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|Title||:||Strange Beauty: A Memoir of an Extraordinary Child|
|Number of Pages||:||165 Pages|
|Status||:||Available For Download|
|Last checked||:||21 Minutes ago!|
Strange Beauty: A Memoir of an Extraordinary Child Reviews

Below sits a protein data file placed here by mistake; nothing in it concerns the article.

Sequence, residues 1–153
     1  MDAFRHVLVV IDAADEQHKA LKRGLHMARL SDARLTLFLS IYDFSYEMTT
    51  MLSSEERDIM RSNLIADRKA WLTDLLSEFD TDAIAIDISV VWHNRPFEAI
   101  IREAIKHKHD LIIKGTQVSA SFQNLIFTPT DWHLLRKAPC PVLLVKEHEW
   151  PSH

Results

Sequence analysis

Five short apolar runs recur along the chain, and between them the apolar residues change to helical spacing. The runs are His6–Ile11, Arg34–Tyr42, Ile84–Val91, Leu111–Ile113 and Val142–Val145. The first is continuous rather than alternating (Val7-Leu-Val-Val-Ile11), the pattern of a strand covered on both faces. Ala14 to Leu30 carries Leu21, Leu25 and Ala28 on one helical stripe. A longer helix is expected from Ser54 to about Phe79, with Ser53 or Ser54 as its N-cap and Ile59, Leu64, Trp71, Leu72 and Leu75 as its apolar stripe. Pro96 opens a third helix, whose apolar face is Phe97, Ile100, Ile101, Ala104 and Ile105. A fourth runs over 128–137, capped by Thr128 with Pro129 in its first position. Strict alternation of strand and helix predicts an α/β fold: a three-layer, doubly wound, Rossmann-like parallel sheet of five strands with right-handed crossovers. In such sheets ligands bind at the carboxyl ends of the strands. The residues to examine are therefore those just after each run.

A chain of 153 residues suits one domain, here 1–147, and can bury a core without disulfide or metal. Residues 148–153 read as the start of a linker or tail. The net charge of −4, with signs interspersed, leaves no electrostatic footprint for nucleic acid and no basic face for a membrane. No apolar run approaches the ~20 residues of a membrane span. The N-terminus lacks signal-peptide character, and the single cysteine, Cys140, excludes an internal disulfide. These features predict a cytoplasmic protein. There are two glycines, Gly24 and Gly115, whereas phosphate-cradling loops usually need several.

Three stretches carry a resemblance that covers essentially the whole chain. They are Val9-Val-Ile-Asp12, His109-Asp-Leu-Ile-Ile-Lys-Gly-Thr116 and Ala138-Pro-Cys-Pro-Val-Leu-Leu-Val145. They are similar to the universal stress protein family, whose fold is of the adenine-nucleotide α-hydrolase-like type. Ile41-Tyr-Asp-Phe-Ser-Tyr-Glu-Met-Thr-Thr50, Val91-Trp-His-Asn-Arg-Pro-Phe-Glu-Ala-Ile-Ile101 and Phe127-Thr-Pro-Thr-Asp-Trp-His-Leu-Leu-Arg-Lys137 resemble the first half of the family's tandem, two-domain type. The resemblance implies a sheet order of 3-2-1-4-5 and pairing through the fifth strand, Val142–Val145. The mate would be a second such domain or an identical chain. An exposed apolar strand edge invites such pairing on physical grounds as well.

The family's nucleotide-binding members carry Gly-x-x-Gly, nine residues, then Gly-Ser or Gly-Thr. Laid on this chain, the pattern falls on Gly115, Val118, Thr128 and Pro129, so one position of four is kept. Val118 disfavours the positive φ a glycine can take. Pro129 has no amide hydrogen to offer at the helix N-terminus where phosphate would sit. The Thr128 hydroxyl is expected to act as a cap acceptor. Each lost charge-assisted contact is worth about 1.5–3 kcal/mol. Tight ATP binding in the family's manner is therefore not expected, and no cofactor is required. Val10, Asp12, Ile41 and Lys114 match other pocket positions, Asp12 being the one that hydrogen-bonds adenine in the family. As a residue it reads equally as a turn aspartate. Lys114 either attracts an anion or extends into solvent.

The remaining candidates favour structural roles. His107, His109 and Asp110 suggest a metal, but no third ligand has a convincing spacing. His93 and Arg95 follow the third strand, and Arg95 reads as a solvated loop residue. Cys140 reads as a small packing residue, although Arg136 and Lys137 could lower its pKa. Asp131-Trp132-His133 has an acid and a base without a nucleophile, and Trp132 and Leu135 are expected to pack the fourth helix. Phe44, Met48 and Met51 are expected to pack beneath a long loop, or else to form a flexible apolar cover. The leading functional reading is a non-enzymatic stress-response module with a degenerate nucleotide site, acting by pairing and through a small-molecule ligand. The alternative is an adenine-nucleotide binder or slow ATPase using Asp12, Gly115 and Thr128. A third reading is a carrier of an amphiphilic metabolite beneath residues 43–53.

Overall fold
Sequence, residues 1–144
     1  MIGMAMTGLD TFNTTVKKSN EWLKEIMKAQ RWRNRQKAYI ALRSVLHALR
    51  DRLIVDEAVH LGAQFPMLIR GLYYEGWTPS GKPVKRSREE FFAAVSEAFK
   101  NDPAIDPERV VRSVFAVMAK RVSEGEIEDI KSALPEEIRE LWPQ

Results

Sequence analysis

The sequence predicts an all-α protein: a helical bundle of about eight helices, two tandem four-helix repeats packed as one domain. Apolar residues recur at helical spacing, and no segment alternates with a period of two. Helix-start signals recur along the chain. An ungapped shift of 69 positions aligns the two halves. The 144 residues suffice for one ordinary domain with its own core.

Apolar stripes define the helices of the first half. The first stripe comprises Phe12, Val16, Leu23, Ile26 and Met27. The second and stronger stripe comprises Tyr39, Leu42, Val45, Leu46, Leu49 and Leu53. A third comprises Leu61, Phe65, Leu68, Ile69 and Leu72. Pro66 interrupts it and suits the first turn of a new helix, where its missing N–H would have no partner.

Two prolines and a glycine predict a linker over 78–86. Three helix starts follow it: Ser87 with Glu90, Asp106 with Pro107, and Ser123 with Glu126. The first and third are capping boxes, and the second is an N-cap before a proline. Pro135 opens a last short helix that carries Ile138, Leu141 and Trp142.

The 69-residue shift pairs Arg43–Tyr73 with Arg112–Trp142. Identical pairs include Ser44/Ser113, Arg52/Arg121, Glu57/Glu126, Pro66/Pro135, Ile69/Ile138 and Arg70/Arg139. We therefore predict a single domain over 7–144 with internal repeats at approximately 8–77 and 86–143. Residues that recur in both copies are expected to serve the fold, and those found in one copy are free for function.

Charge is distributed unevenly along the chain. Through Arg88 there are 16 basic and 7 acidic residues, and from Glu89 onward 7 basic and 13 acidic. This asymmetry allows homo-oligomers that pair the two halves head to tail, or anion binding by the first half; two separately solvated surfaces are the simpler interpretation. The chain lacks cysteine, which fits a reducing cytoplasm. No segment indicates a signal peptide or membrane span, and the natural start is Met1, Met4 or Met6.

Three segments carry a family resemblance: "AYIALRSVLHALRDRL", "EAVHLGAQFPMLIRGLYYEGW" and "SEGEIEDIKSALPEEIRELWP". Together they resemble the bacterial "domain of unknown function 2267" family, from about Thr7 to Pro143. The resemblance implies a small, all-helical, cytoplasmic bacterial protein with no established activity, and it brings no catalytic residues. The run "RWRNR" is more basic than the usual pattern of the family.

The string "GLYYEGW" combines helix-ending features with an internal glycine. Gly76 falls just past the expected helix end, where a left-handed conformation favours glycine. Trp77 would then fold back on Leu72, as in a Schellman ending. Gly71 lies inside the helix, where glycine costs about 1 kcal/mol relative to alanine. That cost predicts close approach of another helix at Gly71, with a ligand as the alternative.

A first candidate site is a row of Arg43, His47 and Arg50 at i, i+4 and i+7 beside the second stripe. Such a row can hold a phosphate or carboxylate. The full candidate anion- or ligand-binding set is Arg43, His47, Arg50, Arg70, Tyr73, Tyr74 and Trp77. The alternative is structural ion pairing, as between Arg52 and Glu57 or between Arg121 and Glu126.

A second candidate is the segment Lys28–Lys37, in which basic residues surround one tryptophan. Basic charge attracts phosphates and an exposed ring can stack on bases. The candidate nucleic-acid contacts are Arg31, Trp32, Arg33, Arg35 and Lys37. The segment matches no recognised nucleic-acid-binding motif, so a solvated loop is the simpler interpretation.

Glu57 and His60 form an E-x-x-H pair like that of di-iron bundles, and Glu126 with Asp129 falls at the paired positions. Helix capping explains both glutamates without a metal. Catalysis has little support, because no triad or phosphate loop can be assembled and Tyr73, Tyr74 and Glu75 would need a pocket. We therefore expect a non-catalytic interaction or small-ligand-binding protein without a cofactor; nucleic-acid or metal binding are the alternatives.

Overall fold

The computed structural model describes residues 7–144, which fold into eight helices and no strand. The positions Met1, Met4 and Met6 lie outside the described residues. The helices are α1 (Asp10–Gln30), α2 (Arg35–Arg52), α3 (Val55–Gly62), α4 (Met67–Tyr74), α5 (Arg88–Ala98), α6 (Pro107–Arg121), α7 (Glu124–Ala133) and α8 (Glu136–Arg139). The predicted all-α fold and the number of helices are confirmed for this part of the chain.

God never said He wouldn’t give you more than you can handle. There will be times in life when you will feel like you are drowning and there is no one to help you. However, there is always hope and your determination to follow through no matter what and that is what Eliza Factor and her husband do.In this beautifully written and poignant memoir, Eliza describes the struggles she and her husband go through trying to raise and provide a loving caring environment for their severely disabled son, Felix. Their love for Felix transcends obstacles that for many of us would have been insurmountable.Felix was born both disabled and autistic. He offers the family which eventually also includes two younger sisters joy and happiness but also gives them bouts of head banging and fits of rage in which he hits himself, draws blood often, and has seizures. The Factors run the gauntlet of seeing doctors, clinicians, psychologists, blending new age medicine as well as established practices, with a bevy of drugs in the hopes of providing Felix with quality of life. As Felix grows his instances of uncontrollable rage increase and the family, through Eliza's intense ability to search continually for answers, finds a place where Felix can thrive.As I reads through this memoir, I could not fully comprehend the sacrifices The Factors made for Felix. They tailored their family life, with the help of countless people, schools, and places for Felix to have the very best possible way of life. In this pursuit, Eliza eventually founded a community center that unites children with disabilities and their parents giving them a place to come together, to share, and to find others that face similar circumstances in the zeal to help their child have a better life.The work she is able to do, the things that she is able to accomplish with a lack of sleep always, is amazing. She is driven by an overwhelming love for her son who is charming, joyous, and endearing at times while unable to speak or function at a level we all seem to consider "normal." Eliza points to the fact that there really is little help and guidance for parents who have a severely disabled child and as much as we would like to think we provide for them we really do not. Felix is one of the lucky ones. Eliza is able to find a location for him that will provide a wonderful place for learning, growing, and feeling secure. She was fortunate in her ability to stay at home with a large number of people hired to help her with Felix. She claims she is not a good mother as often people tell her she is. However, I disagree, for in this telling memoir, we see the best of what mother can be. Thank you to NetGalley and Parallax Press for providing an advanced copy of this book.